Gustav Perle grows up in a small town in Switzerland, where the horrors of the Second World War seem only a distant echo. An only child, he lives alone with Emilie, the mother he adores....
Julian Fellowes's Belgravia is the story of a secret. A secret that unravels behind the porticoed doors of London's grandest postcode....
On the eve of an unusual voyage, a young woman reviews her life. Her story begins with a 'beautiful visit' to friends in the country which serves as an awakening experience....
The Restoration is over and Robert Merivel, renowned physician and courtier to Charles II, now faces the anxieties of middle age....
An electrifying novel about disputed territory, sibling love, and devastating revenge....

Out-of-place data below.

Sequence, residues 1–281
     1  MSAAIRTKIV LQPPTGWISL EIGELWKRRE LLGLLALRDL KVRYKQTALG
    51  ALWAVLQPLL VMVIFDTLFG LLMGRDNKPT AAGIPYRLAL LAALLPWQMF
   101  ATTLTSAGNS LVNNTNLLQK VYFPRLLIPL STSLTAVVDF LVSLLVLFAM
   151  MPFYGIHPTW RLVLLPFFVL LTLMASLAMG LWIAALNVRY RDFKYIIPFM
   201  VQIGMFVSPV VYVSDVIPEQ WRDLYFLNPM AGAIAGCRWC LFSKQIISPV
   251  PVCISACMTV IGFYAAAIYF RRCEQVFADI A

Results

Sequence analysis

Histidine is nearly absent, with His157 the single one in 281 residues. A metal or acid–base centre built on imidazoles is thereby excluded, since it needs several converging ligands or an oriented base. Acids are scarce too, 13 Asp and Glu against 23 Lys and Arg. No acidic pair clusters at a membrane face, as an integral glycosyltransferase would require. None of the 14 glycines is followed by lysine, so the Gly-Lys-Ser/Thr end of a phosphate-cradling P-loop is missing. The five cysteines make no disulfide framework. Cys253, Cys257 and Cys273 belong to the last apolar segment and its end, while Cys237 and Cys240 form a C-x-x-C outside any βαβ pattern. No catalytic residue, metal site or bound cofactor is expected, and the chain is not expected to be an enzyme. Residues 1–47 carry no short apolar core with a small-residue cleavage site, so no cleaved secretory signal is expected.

Dellarobia Turnbow is a restless farm wife who gave up her own plans when she accidentally became pregnant at 17....
Honor Harris is only 18 when she first meets Richard Grenvile, proud, reckless - and utterly captivating. Honor Harris is only 18 when she first meets Richard Grenvile, proud, reckless - and utterly captivating....
Meeting by chance at a gambling hall in Europe, the separate lives of Daniel Deronda and Gwendolen Harleth are immediately intertwined....
A story of the quest for the impossible, an attempt to mine the complexities of love....
Lucy Honeychurch and her older cousin, Miss Bartlett, tour Italy in the springtime....
In 1631, Sara de Vos is admitted as a master painter to the Guild of St. Luke's in Holland, the first woman to be so recognized. Three hundred years later, only one work is known to remain....
When Cora Seaborne's brilliant, domineering husband dies, she steps into her new life as a widow with as much relief as sadness: her marriage was not a happy one....